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Bulletin Archive

This archived information is dated to the 2011-12 academic year only and may no longer be current.

For currently applicable policies and information, see the current Stanford Bulletin.

University Oral Examination

Passing a University oral examination is a requirement of the Ph.D. and J.S.D. degrees. The purpose of the examination is to test the candidate's command of the field of study and to confirm fitness for scholarly pursuits. Departments determine when, after admission to candidacy, the oral examination is taken and whether the exam will be a test of knowledge of the field, a review of a dissertation proposal, or a defense of the dissertation. The chairperson of a Stanford oral examination is appointed for this examination only, to represent the interests of the University for a fair and rigorous process.

Students must be registered in the term in which the University oral examination is taken. The period between the last day of final exams of one term and the day prior to the first day of the following term is considered an extension of the earlier term. Candidacy must also be valid.

The University Oral Examination Committee consists of at least five Stanford faculty members: four examiners and the committee chair from another department. All committee members are normally members of the Stanford University Academic Council, and the chair must be a member. Emeritus faculty are also eligible to serve as examiners or chair of the committee. (A petition for appointment of an examining committee member who is neither a current or emeritus member of the Academic Council may be approved by the chair of the department if that person contributes an area of expertise that is not readily available from the faculty and holds a Ph.D. or equivalent foreign degree. The majority of the examiners must be current or emeritus Academic Council members; more specifically, one of four or five examiners or two of six or seven examiners may be appointed to the Oral Examination Committee by means of this petition.) The chair of the examining committee may not have a full or joint appointment in the advisor's or student's department, but may have a courtesy appointment in the department. The chair can be from the same department as any other member(s) of the examination committee and can be from the student's minor department provided that the student's advisor does not have a full or joint appointment in the minor department.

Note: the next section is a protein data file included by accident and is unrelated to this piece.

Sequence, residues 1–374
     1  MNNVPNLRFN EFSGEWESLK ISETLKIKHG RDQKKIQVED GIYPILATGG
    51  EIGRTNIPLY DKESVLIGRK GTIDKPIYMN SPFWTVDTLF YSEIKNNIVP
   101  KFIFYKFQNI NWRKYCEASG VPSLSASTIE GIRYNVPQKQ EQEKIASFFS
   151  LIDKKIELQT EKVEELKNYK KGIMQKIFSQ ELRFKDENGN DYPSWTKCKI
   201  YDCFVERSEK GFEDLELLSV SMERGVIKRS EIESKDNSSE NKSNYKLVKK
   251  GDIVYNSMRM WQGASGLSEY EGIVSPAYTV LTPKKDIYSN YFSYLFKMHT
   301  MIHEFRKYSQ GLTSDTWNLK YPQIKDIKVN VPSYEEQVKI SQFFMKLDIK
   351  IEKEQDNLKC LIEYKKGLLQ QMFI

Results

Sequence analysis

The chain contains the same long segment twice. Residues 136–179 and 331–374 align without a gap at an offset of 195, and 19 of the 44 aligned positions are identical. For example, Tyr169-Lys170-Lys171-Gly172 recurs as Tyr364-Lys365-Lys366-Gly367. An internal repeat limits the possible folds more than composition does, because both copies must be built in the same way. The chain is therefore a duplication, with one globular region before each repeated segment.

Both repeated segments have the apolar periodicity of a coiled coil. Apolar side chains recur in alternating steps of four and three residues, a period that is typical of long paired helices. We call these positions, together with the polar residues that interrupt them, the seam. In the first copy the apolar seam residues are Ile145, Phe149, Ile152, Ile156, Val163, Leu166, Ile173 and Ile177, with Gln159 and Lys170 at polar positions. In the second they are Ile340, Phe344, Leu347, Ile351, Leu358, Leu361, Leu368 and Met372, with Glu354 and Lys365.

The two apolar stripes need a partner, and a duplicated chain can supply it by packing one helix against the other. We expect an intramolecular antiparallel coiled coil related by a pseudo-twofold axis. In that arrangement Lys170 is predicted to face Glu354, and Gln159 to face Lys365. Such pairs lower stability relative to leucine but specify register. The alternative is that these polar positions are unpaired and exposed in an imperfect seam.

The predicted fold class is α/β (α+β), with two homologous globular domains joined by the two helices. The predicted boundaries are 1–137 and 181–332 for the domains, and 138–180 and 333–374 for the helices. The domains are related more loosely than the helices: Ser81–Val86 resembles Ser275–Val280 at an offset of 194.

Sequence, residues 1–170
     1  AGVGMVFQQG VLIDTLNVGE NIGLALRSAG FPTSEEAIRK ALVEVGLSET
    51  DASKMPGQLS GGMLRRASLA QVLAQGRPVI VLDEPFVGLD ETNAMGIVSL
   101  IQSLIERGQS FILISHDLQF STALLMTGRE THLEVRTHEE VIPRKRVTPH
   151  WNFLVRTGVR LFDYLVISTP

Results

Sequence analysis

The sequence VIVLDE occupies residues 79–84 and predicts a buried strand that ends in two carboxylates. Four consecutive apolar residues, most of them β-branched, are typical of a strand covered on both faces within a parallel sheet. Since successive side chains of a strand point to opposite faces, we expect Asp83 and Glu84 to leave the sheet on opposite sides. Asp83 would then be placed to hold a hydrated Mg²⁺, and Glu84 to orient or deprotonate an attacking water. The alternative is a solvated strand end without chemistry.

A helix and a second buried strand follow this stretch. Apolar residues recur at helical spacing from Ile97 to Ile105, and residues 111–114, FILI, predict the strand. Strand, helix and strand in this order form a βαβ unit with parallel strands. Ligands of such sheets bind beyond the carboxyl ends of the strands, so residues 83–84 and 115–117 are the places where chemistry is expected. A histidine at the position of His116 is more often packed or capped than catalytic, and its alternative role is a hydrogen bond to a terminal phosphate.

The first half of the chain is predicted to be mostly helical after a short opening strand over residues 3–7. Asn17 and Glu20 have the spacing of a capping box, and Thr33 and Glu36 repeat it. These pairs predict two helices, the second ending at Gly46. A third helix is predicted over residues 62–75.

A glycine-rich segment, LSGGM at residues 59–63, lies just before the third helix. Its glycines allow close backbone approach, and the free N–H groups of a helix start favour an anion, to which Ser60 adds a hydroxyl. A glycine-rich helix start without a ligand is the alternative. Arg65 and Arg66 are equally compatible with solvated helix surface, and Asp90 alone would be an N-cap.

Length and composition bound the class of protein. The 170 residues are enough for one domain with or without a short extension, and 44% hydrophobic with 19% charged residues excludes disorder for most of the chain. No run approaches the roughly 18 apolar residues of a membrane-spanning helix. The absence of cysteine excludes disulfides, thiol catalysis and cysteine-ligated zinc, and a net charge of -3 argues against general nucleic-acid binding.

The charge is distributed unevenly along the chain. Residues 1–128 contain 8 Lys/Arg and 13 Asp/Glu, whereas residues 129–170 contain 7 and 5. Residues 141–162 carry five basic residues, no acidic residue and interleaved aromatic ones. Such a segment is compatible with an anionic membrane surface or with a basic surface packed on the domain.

For Interdisciplinary Degree Programs (IDPs), the chair of the examining committee may not have a full or joint appointment in the primary advisor's major department and must have independence from the student and advisor.

The University Oral Examination form must be submitted to the department graduate studies administrator at least two weeks prior to the proposed examination date. The examination is conducted according to the major department's adopted practice, but it should not exceed three hours in length, and it must include a period of private questioning by the examining committee.

Responsibility for monitoring appointment of the oral examination chair rests with the candidate's major department. Although the department cannot require the candidate to approach faculty members to serve as chair, many departments invite students and their advisors to participate in the process of selecting and contacting potential chairs.

The candidate passes the examination if the examining committee casts four favorable votes out of five or six, five favorable votes out of seven, or six favorable votes out of eight. Five members present and voting constitute a quorum. If the committee votes to fail a student, the committee chair sends within five days a written evaluation of the candidate's performance to the major department and the student. Within 30 days and after review of the examining committee's evaluation and recommendation, the chair of the student's major department must send the student a written statement indicating the final action of the department.

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